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|High Temp Oil (grape seed, peanut, etc.)
|Oven Safe Fry Pan
|(cast iron would be best)
|Salt & Pepper to taste
Preheat oven to 425º.
Pick two potatoes that are closest to a cylindrical shape and are somewhat small to start with. Cut the ends off of each. Then, standing them up on end, cut off the skin, a little at a time, down the side of the potato as you rotate them, so that you end up with a potato that is flat top and bottom and cylindrical. Then cut them in half widthwise. Try to do so in such a way as to make them all the same size and shape.
Place potatoes in a bowl of cold water for half an hour or so to leach out some of the starch from the outside. Then transfer to a wire rack with paper towels top and bottom. Dry thoroughly. Browning can't happen in the presence of water.
To the frying pan add the oil and set to high heat until oil shimmers. Place potatoes cut end down. Do not crowd them, so browning can rise up the sides a little. Reduce to medium high heat and let fry until golden brown (not tan - we want a lots of maillard). While this is happening, salt & pepper generously. You will need to spoon a little oil from the pan over the tops of the potatoes to get the seasoning to stick, otherwise, it will just fall off into the oil when you turn them over.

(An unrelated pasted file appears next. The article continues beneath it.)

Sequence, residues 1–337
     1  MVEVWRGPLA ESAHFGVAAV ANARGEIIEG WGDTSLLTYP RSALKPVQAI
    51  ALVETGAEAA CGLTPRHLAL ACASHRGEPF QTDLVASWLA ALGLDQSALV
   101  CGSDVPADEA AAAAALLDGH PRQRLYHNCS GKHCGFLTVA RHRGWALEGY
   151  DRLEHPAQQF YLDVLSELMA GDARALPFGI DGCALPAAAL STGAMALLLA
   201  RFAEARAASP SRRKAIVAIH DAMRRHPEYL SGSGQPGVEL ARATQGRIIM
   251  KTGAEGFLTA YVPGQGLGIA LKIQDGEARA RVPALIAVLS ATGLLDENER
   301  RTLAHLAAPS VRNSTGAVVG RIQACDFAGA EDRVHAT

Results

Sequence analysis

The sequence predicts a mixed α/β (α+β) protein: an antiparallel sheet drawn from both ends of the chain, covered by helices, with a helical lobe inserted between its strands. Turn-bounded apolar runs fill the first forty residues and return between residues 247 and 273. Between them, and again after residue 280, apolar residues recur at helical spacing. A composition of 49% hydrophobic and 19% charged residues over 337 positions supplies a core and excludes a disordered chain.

Once the first end is thoroughly browned, remove from pan. Discard oil. Add butter to pan, and place the potatoes back in the pan with the other (unbrowned) side down. Then add the sprigs of thyme (whole, so you can remove them later), pressing them (with tongs) down into the butter to get them soaked - for two reasons. One, to infuse the butter with the thyme flavor, and two, so you can "mop" the potatoes with the butter soaked thyme as they cook. Don't forget to liberally season this side of the potatoes with salt & pepper as well.
As the potatoes cook in the butter, the butter will foam, and the foam will turn brown. When the foam turns brown dump the chicken stock (gently) into the pan. Then carefully place pan into the 425º oven for 30 minutes, until tender. If your pan runs dry of stock, simply add a little more until the potatoes are done, so the bottoms won't burn. But only a small amount. We want the concentrated flavor of the stock and butter for a finishing sauce.
Serve with thyme sprigs artfully splayed over the tops of your Fondant Potatoes with a drizzle of the thyme infused butter.